Stock Market Gyrations Continue to Confound Experts
Like many other money managers, Lew Kleinrock is relying more on intuition and less on professional advice in picking stocks these days.
“A number of Saturdays ago, I went to the gas pump for the third time in a week and found prices lower again,” said the head of Independence Investment Associates, the Boston money-management arm of John Hancock Mutual Life Insurance.
But, he added, “there’s no way that extra money was going into the bank.” And he figured that if he was spending it, so were other consumers, so Independence loaded up on such mass-market retailers as K mart, J. C. Penney and Zayre.
The investment paid off, especially in Penney, which has risen almost $20 to about $82 in less than two months. That’s a relief, because as Kleinrock says, “I don’t know any more about where this market is going than anyone else.”
The stock market confounded the experts again in recent days when, after a sleepy month that had many analysts predicting a major selloff, it rebounded in five straight, strong sessions. “I was sure it would hit 1,700 before it hit 1,900,” Kleinrock said of the Dow Jones industrial average, which dropped only as far as 1,758.18 on May 19 before rebounding to Thursday’s record 1,882.35.
In the five days of trading that ended Thursday, the Dow jumped more than 107 points, then gave up 5.64 points Friday to end the week at 1,876.71.
To Eugene Peroni, technical analyst for the Los Angeles investment house of Bateman Eichler, Hill Richards, this week’s market strongly resembled that of late January, which kicked off a strong rally after weeks of languor. Trading volume on the New York Stock Exchange reached a recent nadir of just under 86 million shares on May 19, just as it had sunk to about 85 million shares on Jan. 20, he observed.
“That suggests uncertainty and indifference about the market’s trend” among investors, he said, “and that led to a bandwagon effect as soon as money managers saw the market heading up.”
Mushrooming of Negative Sentiment
Peroni also considered the market, which had declined sharply from April 22 to May 19, to be “oversold and unloved” at that time. “It had made a 110-point correction,” he said, “and bearish sentiment was quite strong.”
Other market professionals had noticed a mushrooming of negative sentiment--which in stock market practice is often taken as a harbinger of a bull rally--early in May. “There was more skepticism at 1,750 (that is, when the Dow average was just above that level on May 16-19) than at any time in the last six months,” said Joseph D. Feshbach, market strategist for Prudential-Bache Securities. Mutual funds had accumulated exceptionally high cash positions, equivalent to nearly 10% of their assets, he noted. The put-call options ratio--that is, the ratio of investors betting on falling prices compared to those betting on a rally--reached 65 to 35 on May 19.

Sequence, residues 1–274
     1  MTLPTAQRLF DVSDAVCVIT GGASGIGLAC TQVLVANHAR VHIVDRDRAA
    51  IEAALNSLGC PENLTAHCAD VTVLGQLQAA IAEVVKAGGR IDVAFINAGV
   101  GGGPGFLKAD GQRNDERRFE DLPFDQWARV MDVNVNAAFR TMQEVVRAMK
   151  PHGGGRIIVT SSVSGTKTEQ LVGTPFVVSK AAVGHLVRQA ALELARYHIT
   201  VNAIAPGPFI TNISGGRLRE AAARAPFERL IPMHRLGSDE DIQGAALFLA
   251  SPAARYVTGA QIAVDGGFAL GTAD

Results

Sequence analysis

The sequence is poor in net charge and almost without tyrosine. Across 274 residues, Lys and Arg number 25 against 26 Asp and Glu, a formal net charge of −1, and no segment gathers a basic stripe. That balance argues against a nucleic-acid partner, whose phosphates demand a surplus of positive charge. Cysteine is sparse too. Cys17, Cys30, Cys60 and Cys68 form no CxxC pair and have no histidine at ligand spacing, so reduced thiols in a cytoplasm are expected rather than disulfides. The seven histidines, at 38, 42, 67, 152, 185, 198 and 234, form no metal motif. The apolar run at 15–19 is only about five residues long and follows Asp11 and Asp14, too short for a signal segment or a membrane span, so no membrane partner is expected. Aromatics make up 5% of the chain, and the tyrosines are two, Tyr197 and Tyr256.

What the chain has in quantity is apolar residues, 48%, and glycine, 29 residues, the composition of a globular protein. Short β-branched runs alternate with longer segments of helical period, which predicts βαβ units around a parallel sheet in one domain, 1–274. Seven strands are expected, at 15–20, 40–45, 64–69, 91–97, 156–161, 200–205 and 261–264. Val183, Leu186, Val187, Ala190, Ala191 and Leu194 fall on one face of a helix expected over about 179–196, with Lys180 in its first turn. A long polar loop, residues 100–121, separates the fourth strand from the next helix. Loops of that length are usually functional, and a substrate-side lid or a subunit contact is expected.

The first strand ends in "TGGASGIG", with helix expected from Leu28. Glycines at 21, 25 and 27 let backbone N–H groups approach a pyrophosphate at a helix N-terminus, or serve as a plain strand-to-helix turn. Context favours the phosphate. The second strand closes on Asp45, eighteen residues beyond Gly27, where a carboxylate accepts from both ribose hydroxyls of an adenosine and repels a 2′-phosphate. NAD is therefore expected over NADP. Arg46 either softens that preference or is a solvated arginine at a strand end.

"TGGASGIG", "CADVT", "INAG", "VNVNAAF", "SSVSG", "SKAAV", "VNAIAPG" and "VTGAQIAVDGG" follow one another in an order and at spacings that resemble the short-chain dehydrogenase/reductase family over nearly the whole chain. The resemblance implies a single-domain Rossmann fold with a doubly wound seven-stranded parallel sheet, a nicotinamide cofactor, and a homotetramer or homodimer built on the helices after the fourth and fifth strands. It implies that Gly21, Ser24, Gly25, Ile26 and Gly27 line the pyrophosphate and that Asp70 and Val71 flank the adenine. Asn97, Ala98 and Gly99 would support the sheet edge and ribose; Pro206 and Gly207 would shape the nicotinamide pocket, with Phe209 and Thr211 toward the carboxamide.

And a widely followed survey of 70 market advisory newsletters and 20 brokerage houses conducted by Hadady Corp. of Pasadena showed bullish sentiment among only 37%, close to a low for the year.
Feshbach took those figures as an indication to buy, and he told clients that he considered the Dow to have bottomed out on May 19. “Fortunately, I hit it right on the nose,” he said. “To be honest, I don’t know why the market’s been doing what it has.”
The last six sessions have again made bullish predictions the rule, although few professionals can put their finger on any fundamental reasons for optimism.
“There’s no specific news to account for the rally except that people weren’t expecting it,” said Newton Zinder, chief market analyst for E. F. Hutton.
Yet many analysts are promoting similar stocks, particularly retailers, food processors and entertainment and leisure issues. All benefit from disinflationary influences and from such other developments as the apparent tendency of most Americans to take domestic vacations this year.
“People will stay home and shop,” said Philip B. Erlanger, chief technical analyst for the Hartford, Conn., investment firm of Advest Group. Casino and hotel stocks also have turned up, he said.
There is plenty of residual skepticism among market followers over whether the U.S. economy will enter a genuine recovery this year, despite Thursday’s announcement that the Commerce Department’s index of leading economic indicators for April showed its largest increase in nearly three years.
‘Muddle Through” Second Half
Two components contributed most to the index’s showing, Zinder said: the growth in the nation’s money supply and the rise in stock prices themselves, rather than real activity in the industrial economy.
“The specific economic numbers were not as robust as the entire index indicated,” he said. Among other components, business equipment orders and the prices of sensitive materials were down.
“We tend to think (the market) will muddle through the second half,” said Ben Niedermeyer, a money manager at Denver-based Janus Capital. Niedermeyer said Janus committed more money to the stock market in the third week of April on the reasoning that a sluggish economy would send interest rates still lower, a positive development for stock prices.